Ted's point is that even if he DID hand it out on a plate, distilled down into a few paragraphs, the 'recipe' would still probably fail to produce the same results unless he is willing to go hold someone's hand and guide them through the entire FULLY DETAILED process and vet every herb, every setup. Well's he's not willing to do either. Why should he be?
|By Luger on Monday, August 21, 2000 - 09:25 pm: Edit|
If then, all the recipes hanging on a museumwall are so useless, then why not publish them? Here on Fee verte? They might be historically interesting.
Even if I get to taste "the real thing", and recognizes the Wormwood, Anise e.t.c. it is always nice with a bit historical "anecdotes".
Donīt you think so?
Best regards: Luger
|By Don Walsh on Monday, August 21, 2000 - 09:08 pm: Edit|
Ted is quite right...which is exactly why the published absinthe recipes are varying degrees of useless, from pretty useless to totally useless. Hanging on the wall of a museum doesn't mean a given 'recipe' is correct, in fact in this context, 'correct' is meaningless. One must be able to figure out obsolete units of measure, some of which are mere approximations anyway like 'handful'.
By the way, I like your coined word, "thaught" -- is that prounced 'thaft' as in 'draught = draft'? Cool!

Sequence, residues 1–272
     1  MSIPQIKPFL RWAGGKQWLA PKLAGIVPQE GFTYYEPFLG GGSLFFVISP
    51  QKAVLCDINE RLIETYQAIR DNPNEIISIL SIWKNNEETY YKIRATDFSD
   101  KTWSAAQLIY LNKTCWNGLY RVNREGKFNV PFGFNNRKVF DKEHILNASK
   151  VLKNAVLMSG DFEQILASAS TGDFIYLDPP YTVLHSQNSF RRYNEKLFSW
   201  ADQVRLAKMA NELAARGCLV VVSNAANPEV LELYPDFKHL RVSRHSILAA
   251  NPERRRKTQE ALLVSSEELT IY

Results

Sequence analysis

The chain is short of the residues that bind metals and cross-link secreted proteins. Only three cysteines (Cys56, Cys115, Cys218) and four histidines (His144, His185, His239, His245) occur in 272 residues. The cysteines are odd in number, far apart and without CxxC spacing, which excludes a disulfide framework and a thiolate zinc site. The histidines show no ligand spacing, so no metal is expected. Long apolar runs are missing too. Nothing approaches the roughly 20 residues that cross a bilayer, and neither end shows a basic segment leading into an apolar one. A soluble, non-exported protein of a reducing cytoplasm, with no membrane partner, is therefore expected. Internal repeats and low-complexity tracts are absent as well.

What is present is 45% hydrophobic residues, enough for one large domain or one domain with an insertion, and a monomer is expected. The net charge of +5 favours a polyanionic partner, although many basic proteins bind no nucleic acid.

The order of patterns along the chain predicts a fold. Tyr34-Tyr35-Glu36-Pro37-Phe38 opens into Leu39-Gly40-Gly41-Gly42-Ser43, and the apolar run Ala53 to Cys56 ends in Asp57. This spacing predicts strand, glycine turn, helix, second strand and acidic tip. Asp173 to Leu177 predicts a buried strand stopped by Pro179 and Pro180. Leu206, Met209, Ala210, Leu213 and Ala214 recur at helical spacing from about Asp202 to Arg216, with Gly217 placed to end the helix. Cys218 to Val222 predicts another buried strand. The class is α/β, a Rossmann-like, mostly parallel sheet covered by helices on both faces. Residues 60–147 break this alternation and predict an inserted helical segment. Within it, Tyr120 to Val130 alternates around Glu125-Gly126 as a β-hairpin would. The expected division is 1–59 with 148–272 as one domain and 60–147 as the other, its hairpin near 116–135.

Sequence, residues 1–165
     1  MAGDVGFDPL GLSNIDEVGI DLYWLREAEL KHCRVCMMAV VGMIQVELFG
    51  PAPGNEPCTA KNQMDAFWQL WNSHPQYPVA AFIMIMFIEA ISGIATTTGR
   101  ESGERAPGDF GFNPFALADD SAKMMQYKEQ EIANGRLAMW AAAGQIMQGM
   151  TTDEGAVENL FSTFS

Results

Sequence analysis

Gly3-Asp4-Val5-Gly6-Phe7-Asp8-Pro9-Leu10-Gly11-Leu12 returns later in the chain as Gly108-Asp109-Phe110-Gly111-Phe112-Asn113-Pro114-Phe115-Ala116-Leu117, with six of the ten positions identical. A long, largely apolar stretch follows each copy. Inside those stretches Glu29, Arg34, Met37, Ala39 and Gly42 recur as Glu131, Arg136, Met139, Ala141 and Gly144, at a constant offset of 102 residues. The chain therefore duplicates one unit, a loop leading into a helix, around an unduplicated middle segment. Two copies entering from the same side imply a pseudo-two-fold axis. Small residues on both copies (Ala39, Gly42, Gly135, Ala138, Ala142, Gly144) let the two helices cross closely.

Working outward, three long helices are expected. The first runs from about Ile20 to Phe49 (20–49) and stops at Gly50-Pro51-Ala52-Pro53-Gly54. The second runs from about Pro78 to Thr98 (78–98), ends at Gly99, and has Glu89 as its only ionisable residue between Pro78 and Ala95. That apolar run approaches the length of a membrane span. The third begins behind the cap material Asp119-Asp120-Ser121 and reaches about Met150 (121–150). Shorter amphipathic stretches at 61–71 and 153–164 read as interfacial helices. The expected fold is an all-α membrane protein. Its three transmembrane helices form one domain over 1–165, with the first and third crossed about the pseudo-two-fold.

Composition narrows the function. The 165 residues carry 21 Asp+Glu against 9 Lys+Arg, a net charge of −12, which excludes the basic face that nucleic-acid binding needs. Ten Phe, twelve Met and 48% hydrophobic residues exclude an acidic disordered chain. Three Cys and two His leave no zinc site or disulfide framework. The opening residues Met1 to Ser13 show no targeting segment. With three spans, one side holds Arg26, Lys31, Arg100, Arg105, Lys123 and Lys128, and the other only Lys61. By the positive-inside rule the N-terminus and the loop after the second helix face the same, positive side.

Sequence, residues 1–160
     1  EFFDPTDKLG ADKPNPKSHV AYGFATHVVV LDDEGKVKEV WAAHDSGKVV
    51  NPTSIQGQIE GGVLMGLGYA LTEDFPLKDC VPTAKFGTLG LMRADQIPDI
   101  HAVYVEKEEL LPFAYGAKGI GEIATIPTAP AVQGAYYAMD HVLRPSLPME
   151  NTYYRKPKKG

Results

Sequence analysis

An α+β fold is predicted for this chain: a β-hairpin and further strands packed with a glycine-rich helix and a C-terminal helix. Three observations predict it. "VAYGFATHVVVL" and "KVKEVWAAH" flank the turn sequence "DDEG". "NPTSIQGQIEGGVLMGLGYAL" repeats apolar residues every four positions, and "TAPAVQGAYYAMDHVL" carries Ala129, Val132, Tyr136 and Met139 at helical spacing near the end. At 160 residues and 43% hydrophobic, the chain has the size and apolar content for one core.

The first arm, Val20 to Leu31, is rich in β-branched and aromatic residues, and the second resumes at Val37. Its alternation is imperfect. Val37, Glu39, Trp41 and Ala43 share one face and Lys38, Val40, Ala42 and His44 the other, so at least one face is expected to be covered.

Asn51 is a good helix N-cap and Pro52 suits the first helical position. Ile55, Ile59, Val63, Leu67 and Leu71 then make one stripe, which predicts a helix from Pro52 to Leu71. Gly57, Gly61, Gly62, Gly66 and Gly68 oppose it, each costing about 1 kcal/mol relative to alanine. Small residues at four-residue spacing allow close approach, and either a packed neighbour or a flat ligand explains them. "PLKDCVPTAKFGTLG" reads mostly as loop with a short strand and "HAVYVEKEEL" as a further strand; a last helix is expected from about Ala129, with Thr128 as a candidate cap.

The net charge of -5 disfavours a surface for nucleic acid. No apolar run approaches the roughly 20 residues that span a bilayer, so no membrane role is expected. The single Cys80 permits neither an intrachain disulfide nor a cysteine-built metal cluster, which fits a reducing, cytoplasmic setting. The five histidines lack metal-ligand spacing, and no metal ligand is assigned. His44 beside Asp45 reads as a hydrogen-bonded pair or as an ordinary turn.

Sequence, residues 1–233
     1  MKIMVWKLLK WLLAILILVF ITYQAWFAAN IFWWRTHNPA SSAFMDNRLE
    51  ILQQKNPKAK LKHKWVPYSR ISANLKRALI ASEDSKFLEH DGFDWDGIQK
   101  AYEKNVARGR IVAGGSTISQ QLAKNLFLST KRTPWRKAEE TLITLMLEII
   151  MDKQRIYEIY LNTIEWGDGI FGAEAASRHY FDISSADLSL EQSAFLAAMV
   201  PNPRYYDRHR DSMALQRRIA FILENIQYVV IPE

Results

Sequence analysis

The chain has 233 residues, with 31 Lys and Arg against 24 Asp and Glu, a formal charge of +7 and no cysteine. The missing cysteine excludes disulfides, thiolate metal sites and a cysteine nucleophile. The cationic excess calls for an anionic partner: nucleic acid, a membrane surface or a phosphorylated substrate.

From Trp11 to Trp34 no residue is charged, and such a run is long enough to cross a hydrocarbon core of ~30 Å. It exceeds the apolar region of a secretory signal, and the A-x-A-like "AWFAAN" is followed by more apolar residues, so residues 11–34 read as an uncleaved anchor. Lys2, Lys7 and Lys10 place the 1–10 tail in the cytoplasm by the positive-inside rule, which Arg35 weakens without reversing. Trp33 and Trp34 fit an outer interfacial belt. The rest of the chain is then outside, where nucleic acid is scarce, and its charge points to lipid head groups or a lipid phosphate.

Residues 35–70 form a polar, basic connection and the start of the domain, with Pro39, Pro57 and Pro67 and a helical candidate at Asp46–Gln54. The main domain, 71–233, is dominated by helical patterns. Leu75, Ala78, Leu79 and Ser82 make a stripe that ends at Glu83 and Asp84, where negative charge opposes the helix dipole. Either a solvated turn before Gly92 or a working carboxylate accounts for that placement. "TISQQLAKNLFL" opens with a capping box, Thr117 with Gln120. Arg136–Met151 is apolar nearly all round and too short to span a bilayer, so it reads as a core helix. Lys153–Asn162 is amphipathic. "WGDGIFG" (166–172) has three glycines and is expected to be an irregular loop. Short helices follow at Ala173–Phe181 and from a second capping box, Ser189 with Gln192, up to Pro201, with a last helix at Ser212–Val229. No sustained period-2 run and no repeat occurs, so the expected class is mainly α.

|By tabreaux on Monday, August 21, 2000 - 08:19 am: Edit|
I am not aware of any written descriptions to the old Pernod family secrets, nor would I expect there to be.
There is so much more to a 'recipe' than a few paragraphs of information, that if it were written down, it would comprise quite a few pages of detailed information. Furthermore, even if a detailed protocol were available, there are so many variables which have a pronouced influence on the final product (with respect to herbs, equipment, temperatures, etc., etc.) that the chances of a person following those instructions and coming up with a virtually identical product are small.
Let's be hypothetical and say that I wanted you to be able to accurately duplicate a product that I made. Even if I deliberately attempted to describe everything I knew in detail, you probably wouldn't be able to duplicate my work satisfactorily unless I was physically there to tune your equipment and show you exactly how to do it. When you have nothing to go by save for a bottle of 100 year old liqueur (with finite contents), the same task is indeed daunting.
|By Chrysippvs on Monday, August 21, 2000 - 08:13 am: Edit|
Just be patient. In a few months you will be able to just buy what you are wanting...
|By Artemis on Monday, August 21, 2000 - 07:31 am: Edit|
This has been discussed here before, and discussed in even greater detail offline. To make a long story short, those who know aren't telling. For sure you won't see it discussed out in the open here.
|By TimK on Monday, August 21, 2000 - 07:21 am: Edit|
Has anyone ever tried to locate a copy of the recipies / processes used by the pernod factories in their production of absinthe, i mean there might still be information around even after 100 years, im not sure of the company history but if theres still a large pernod family presence then its a possibillity someone knows the processes? just a thaught